Man Says Georgia Judge Won't Allow Headwear

A man said he was barred from a county courtroom on Thursday because he refused to remove his Muslim head covering, nearly two years after Georgia's judges voted to allow religious headwear in all state courtrooms.

A man said he was barred from a county courtroom on Thursday because he refused to remove his Muslim head covering, nearly two years after Georgia's judges voted to allow religious headwear in all state courtrooms.

Troy "Tariq" Montgomery said Henry County State Court Judge James Chafin blocked him from entering his courtroom three separate times to dispute a traffic ticket because he was wearing a kufi, a traditional Muslim head covering. His attorney, Mawuli Mel Davis, said he would soon file a motion challenging the decision.

"I wasn't really upset about being rejected. I just didn't understand it," said Montgomery, a 46-year-old barber. "This country has afforded us freedoms so that we can practice our religion and I was trying to exercise those freedoms."

Chafin's secretary, Jennifer Starr, said the judge would not comment on a pending case.

The dispute draws parallels to a December 2008 controversy that erupted after Lisa Valentine, a Muslim woman, was arrested by authorities in the west Georgia city of Douglasville after she refused to remove her headscarf. The dispute led the Judicial Council of Georgia to vote unanimously in July 2009 to allow headgear in court that is worn for religious or medical reasons.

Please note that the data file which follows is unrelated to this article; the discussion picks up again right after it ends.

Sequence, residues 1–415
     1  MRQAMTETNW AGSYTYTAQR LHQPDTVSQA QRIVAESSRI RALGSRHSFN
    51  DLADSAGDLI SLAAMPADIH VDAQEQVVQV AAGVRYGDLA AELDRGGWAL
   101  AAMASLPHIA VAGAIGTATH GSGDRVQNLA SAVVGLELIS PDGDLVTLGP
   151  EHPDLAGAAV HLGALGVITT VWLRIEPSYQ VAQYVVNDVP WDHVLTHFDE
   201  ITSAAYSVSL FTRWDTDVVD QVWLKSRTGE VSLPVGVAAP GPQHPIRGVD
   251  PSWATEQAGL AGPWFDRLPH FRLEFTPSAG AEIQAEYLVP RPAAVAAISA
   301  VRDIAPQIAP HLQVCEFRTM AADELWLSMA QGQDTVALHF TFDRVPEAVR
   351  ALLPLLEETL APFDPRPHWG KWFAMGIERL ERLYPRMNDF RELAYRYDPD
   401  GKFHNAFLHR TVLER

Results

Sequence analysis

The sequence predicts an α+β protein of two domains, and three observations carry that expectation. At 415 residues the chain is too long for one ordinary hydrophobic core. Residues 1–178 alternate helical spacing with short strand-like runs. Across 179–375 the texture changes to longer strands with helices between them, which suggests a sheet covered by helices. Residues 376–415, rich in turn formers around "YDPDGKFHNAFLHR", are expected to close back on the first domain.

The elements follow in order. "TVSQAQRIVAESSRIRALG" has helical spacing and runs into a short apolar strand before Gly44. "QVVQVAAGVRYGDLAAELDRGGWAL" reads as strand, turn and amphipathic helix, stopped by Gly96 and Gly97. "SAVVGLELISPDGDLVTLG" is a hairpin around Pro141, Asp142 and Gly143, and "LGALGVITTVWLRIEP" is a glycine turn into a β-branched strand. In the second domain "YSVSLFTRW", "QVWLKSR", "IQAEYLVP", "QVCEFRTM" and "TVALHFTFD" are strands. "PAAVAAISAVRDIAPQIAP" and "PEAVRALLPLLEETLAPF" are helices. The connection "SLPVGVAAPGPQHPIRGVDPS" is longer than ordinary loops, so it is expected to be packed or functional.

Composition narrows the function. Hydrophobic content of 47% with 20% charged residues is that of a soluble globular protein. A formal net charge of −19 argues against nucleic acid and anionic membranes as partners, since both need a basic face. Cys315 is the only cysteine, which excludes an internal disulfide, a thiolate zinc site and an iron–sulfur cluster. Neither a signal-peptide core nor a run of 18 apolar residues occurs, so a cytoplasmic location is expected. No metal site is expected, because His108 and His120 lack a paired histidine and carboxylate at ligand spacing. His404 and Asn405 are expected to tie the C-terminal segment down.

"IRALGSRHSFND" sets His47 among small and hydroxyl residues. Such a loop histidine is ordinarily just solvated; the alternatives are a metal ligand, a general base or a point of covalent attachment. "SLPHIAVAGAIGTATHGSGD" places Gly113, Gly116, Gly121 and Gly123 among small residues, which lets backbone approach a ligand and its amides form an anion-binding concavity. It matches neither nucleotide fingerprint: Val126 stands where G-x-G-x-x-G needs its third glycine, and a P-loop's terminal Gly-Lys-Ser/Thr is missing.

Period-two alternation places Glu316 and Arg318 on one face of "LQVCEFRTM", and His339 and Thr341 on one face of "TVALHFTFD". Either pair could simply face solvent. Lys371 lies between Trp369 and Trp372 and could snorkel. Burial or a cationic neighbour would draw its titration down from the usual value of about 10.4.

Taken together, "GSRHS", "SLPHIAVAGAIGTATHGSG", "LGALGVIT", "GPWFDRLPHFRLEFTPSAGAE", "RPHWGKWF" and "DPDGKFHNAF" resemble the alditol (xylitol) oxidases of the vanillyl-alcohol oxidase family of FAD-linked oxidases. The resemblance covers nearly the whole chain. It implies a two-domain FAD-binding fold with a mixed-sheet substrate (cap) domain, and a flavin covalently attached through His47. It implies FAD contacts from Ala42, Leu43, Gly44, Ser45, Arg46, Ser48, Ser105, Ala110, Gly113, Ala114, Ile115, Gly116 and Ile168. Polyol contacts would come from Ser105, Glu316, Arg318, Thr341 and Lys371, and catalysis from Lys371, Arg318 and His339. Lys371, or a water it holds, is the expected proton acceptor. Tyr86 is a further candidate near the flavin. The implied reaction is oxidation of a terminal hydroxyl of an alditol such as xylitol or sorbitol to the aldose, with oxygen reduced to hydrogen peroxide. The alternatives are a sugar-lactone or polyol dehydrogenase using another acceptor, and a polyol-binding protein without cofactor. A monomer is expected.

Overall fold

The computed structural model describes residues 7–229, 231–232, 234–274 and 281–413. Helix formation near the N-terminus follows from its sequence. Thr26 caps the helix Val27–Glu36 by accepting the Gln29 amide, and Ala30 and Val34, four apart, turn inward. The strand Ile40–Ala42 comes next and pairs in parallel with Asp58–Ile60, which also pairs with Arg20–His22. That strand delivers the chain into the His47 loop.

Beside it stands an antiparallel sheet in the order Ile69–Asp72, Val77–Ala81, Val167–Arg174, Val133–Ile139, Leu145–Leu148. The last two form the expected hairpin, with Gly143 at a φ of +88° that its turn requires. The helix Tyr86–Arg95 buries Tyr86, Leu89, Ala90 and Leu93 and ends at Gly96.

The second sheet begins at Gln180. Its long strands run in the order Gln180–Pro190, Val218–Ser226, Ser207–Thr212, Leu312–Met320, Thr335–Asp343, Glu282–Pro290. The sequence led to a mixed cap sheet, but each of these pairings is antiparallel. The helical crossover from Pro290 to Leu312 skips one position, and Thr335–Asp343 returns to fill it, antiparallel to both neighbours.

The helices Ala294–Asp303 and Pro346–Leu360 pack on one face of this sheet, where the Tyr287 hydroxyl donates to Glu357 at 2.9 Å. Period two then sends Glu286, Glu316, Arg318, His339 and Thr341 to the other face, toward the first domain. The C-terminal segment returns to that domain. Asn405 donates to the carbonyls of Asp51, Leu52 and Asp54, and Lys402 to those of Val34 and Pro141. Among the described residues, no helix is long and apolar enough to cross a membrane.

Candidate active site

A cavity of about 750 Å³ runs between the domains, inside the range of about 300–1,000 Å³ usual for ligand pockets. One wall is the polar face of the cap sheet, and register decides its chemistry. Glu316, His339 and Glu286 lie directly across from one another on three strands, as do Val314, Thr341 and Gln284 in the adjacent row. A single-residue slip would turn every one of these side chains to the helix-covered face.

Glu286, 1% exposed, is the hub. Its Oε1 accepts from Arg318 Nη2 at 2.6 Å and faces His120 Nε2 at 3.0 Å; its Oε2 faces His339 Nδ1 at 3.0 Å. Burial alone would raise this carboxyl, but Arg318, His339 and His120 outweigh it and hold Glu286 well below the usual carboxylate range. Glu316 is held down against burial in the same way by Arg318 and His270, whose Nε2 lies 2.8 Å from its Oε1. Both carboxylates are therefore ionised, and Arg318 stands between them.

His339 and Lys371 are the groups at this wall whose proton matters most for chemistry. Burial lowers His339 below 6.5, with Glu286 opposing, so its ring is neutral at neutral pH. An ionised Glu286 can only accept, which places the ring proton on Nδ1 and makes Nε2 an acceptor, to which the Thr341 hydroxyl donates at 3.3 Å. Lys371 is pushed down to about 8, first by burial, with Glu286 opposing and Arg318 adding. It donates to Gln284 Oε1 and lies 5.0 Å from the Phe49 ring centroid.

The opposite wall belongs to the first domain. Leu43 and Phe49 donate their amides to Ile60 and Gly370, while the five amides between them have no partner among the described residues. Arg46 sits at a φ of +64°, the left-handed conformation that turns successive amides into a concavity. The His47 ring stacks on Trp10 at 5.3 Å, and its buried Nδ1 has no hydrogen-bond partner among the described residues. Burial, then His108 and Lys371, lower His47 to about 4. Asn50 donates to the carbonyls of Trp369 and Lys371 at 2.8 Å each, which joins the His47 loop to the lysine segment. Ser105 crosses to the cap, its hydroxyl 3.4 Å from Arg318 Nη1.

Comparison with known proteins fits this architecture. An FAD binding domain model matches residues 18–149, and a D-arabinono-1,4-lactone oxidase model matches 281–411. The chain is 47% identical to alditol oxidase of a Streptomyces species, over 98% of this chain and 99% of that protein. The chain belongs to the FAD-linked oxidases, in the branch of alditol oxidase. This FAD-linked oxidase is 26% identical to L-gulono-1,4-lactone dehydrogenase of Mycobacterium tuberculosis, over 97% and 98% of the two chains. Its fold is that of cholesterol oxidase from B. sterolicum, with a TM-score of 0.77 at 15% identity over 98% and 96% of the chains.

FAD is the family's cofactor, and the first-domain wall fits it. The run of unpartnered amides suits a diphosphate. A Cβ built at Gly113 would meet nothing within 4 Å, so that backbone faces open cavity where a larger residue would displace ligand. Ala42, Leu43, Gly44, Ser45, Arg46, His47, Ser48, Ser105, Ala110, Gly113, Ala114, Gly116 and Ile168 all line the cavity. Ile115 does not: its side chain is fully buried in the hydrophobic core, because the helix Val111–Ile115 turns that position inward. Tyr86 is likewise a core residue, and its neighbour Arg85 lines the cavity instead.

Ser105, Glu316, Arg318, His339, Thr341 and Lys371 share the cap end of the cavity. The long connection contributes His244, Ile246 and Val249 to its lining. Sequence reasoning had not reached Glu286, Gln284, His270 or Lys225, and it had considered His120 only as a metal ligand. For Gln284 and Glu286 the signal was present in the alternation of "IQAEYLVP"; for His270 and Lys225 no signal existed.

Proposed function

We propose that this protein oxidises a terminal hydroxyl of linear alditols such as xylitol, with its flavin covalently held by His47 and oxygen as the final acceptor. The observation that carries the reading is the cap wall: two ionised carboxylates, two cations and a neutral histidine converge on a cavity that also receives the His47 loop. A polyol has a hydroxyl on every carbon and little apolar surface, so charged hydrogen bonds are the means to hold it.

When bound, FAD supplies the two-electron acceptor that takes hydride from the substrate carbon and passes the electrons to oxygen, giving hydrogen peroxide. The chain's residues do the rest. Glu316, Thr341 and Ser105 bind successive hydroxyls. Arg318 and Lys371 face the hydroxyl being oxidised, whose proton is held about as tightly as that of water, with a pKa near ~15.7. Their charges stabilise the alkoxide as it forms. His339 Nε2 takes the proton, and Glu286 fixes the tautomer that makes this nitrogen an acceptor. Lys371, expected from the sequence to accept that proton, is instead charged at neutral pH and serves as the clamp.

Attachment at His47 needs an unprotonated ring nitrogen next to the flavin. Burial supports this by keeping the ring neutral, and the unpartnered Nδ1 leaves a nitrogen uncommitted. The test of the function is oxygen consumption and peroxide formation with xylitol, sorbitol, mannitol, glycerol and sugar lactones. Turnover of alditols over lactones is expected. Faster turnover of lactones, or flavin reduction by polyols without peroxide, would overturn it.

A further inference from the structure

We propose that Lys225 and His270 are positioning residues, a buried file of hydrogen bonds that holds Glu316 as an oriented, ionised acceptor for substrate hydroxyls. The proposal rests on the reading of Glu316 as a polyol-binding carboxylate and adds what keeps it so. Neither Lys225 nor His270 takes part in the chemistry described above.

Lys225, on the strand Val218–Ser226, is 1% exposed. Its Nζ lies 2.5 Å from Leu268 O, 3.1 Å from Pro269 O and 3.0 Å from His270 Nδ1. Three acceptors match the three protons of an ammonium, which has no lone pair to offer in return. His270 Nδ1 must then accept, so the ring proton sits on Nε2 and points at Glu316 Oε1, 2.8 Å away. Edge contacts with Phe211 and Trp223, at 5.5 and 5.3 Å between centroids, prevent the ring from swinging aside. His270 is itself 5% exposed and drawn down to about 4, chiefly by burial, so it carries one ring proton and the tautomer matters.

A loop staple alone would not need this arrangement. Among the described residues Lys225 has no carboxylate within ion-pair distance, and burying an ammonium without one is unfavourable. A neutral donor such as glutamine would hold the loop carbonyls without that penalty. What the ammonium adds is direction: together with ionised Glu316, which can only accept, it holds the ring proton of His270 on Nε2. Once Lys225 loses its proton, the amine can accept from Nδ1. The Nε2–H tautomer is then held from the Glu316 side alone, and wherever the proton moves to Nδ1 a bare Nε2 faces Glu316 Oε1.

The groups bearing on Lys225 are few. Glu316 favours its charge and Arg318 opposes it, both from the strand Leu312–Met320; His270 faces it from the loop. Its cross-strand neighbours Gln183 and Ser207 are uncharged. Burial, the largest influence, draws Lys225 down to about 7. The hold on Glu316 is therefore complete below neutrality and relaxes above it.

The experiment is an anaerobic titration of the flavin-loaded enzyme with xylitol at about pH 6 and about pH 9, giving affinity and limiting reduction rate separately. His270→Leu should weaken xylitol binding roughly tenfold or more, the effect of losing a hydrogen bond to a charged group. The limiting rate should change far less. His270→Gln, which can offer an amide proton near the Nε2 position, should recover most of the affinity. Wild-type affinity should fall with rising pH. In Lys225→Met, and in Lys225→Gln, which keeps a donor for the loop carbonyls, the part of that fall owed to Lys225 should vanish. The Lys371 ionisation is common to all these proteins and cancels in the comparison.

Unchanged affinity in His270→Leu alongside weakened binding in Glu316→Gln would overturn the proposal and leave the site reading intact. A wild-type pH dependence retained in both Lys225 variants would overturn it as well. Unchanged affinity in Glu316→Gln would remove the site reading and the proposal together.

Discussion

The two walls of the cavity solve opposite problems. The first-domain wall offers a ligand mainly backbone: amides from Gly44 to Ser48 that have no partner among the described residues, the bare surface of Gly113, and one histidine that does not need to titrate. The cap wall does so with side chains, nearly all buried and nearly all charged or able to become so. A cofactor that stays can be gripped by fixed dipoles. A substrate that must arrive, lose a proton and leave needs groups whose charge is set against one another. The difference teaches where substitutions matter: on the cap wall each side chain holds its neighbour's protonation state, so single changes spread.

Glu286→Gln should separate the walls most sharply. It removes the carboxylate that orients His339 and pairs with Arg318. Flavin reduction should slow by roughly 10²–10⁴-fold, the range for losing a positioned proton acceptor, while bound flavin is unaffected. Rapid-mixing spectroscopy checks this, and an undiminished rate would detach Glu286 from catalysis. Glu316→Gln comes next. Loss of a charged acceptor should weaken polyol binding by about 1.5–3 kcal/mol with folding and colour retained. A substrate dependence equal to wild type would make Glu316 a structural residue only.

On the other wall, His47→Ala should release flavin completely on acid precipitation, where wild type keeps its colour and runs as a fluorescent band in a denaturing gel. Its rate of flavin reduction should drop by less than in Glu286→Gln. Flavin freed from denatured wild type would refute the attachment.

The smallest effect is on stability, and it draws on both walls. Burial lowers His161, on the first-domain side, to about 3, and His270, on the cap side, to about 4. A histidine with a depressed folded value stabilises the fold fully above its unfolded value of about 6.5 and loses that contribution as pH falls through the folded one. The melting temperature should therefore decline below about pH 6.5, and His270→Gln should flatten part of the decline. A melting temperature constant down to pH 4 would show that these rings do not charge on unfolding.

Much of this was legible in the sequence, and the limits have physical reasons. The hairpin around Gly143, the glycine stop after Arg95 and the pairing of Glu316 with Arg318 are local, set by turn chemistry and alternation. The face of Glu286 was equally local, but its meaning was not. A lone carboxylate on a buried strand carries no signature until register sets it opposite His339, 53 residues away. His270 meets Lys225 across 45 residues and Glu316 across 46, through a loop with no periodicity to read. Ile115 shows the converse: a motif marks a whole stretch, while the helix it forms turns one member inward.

At the time, Chief Justice Carol Hunstein said: "If this had been a nun, no one would have required her to remove her habit."

Montgomery said he was first blocked by a courtroom bailiff from wearing the kufi in the courtroom on April 1, when he was initially scheduled to appear in front of Chafin for the speeding violation. He returned two weeks later with the council's 2009 policy, but said he still rebuffed.

When he returned on Thursday -- this time with his attorney at his side -- he said Chafin rejected him again and told him to remain in the hallway during the proceedings. His speeding case is still pending.

"There is something fundamentally wrong when you can't have access to the court due to your religious attire," said Davis, who said he plans to file a motion to the court's chief judge.

Montgomery, who considers himself an Orthodox Muslim, said his kufi is a constant reminder of his devotion to his religion. Taking it off in public, even at the urging of a judge, would be a violation of his religious beliefs, he said.

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